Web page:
Now I had to choose. I had decided on a method of communication by transferring data signals bidirectionally through optocouplers, but which signals did I need at what kind of data rate?
At this stage I was still unsure precisely what load information was of most interest. Having deferred the details of the interface design to a later stage meant I did not have a clear idea what features of the energy monitor circuit would be needed to make the Energy Analyzer work.
Because this section of the circuit would be difficult to modify after installation I decided the best approach was make it a nice prototyping module, self contained and as full-featured and capable as I could reasonably devise. What features the Energy Analyzer actually needed would be determined experimentally later on.
The ADE7756 is able to provide sampled current and voltage waveform information. According to the datasheet, data is made available at sample rates of up to 27.9 kSPS (thousand samples per second). As each sample is three bytes (24 bits) plus the command overhead it seemed to me the raw bit rate through the interface would probably want to be as fast as possible.
Optocouplers in general are slow. Reading datasheets for commonly-available optocouplers like the 4N25 revealed they would be unlikely to achieve anything like these high data rates. I knew of another optocoupler though, a high spec and cost device I was familiar with from many years previous.
I had needed to obtain some fast optocouplers to construct a small range of MIDI music projects. MIDI is a serial interface with 31.625 KHz bit rate IIRC which required the use of high speed 6N138 optocoupler devices. A quick check of the datasheet revealed these devices can reach data rates up to 100k bits per second.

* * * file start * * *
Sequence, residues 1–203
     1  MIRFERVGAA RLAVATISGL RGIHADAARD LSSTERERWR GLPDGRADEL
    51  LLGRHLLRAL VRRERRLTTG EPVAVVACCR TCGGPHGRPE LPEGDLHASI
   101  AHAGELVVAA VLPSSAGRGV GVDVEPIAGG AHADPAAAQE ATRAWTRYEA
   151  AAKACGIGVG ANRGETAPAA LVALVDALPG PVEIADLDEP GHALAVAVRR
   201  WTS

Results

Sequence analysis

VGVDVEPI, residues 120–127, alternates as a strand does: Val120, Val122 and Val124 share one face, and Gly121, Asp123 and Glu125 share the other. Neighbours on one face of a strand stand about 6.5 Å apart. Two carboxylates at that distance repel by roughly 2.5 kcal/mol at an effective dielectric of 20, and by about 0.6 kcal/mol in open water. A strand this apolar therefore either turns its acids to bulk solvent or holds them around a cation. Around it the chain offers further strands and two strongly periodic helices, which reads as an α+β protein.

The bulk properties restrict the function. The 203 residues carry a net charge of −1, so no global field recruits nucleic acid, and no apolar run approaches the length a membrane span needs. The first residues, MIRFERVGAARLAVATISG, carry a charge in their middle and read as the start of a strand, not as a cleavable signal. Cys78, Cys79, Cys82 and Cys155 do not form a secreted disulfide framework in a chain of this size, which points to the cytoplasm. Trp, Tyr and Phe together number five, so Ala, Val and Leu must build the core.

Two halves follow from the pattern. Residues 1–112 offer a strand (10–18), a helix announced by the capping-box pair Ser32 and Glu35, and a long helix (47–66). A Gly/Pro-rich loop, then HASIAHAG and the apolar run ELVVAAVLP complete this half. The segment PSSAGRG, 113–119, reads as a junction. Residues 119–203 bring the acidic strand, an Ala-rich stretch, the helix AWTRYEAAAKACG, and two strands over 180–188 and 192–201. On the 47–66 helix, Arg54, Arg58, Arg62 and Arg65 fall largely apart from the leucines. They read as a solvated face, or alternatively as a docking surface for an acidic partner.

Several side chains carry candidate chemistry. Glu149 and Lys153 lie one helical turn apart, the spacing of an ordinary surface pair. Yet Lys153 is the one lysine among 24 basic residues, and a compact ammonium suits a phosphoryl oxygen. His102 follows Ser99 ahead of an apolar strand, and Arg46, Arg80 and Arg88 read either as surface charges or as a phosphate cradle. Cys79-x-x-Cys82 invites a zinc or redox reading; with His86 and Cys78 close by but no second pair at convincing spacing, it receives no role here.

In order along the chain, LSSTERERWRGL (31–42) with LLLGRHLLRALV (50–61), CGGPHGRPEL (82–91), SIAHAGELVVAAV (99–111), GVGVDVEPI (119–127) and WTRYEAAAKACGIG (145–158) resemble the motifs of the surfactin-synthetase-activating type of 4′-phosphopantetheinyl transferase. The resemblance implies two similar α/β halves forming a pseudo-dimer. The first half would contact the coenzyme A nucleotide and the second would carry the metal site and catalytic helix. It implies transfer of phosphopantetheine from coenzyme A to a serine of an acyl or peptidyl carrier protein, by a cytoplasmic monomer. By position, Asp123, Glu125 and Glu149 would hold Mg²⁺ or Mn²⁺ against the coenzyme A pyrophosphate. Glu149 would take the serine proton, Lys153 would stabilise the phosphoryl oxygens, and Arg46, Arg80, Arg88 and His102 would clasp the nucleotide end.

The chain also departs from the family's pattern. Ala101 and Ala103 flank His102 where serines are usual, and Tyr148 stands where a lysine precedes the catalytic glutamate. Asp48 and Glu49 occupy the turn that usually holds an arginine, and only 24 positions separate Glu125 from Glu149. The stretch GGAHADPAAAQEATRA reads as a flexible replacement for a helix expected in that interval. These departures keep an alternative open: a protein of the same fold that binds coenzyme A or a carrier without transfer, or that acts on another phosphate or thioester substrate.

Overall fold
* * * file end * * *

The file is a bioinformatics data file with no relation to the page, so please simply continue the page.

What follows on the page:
These days the 6N138 is not so hard to get or anything like as expensive. A bunch of these devices appeared to be my best shot at maximum interface speed and therefore flexibility.
The input side and output side of each optocoupler should be arranged to be completely separate. Different earth, different power supply. According to the datasheet the device can withstand 5000 volts potential difference between the two sides without disturbing operation.
But how many would I need? The ADE7756 has a bunch of signals in addition to the SPI-compatible serial interface, some provide information already available over the serial interface, others have extra information. Because the optocouplers fit well in pairs and four lines was only enough for the serial interface after some pondering I chose to have six optocouplers to make available the four serial interface lines Data In, Data Out, Serial Clock and Chip Select along with the Interrupt Request signal and the Zero Crossing signal.
So the interface would need to be bidirectional with six data lines. Each data line requires it’s own optocoupler, three optocouplers conduct signals from the microcontroller to the energy monitor and three optocouplers conduct signals back the other way.